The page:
Google executives defended the biggest round of layoffs in the company’s history and took questions from worried employees during a town hall meeting on January 23. The meeting was led by CEO Sundar Pichai, who promised executives would take a bonus cut, CNBC reported.
Employees removed ‘without warning’
Pichai pleaded with the remaining employees to stay motivated. He said:
I understand you are worried about what comes next for your work. The loss of some really good colleagues across the company is really sad. For those of you outside the US, the delay in being able to make and communicate decisions about roles in your region is undoubtedly causing anxiety.
Google cut 12k jobs
On Friday, the company announced it would cut 12,000 jobs, which is around 6% of full-time staff. Employees had known about the potential layoffs, but wanted answers about what criteria were applied to determine who would go and who would stay. Some of the employees who lost their jobs had recently been promoted or had long tenures with the company.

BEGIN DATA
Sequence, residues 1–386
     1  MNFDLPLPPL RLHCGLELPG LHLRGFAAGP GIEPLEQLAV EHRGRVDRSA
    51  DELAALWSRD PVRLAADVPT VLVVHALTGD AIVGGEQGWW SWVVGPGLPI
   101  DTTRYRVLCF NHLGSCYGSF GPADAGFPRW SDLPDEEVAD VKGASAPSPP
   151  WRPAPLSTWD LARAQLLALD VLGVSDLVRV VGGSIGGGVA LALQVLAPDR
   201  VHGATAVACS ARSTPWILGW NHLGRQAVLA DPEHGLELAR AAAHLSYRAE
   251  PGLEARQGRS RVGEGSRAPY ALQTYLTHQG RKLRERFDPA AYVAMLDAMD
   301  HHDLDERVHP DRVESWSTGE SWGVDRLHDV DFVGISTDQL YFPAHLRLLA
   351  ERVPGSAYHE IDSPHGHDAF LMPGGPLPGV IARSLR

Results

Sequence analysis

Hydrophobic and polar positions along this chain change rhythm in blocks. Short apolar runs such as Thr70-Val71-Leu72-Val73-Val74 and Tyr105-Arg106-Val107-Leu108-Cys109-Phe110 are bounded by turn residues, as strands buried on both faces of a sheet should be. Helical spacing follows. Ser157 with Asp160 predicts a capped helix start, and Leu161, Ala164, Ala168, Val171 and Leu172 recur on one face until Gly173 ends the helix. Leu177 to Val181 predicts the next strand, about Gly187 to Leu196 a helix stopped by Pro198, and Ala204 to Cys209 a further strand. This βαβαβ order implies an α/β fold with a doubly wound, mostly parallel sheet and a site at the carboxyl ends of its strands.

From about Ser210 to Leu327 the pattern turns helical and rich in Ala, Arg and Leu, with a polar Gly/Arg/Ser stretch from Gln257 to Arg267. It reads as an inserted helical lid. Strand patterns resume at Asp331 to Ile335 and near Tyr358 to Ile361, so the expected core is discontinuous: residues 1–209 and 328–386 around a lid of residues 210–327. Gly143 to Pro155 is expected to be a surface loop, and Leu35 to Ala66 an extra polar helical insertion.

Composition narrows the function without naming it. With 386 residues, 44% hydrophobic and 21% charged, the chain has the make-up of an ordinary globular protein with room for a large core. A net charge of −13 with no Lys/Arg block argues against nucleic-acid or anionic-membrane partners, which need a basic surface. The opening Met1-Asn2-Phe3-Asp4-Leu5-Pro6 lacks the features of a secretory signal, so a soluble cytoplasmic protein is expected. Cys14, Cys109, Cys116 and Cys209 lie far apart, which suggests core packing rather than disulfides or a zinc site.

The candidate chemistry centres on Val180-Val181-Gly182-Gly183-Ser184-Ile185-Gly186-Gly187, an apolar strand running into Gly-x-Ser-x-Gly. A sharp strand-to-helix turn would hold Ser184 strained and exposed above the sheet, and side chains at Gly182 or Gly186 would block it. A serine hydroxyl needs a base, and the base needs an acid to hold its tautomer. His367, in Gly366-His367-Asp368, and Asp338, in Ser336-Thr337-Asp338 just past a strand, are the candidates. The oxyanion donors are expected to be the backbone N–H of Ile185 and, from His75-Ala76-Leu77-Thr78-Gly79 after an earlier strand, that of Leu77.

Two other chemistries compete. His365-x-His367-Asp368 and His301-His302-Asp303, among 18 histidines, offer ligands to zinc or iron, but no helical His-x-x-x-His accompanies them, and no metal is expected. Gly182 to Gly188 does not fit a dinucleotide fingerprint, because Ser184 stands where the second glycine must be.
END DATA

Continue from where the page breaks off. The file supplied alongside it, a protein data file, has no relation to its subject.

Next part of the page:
Pichai said he consulted with the board of directors and founders Sergey Brin and Larry Page. He shared that 2021 had been a very strong year for Google and revenue increased by 41%. Pichai explained Google had assumed growth would persist.
Before the job cuts, the company had decided to pay out bonuses of 80% in January 2023, with the rest expected sometime in spring. Earlier, the bonus would be paid in full in January.
Google Cloud saw the most cuts
Google Cloud CEO Thomas Kurian explained his unit’s goal had been to focus hiring across the portfolio in response to generative AI. The cloud unit was among the most rapidly-growing areas with the highest number of new hires in 2021. That year, Google focused on catching up to Amazon and Microsoft.
Google’s CEO reminded employees of critical tasks ahead, especially considering dynamic progress in the area of AI. In December last year, Google staff members asked executives whether ChatGPT, the AI chatbot, was a “missed opportunity” for the company. Recently, Microsoft announced a multiyear, multimillion dollar investment in OpenAi, the platform that created ChatGPT.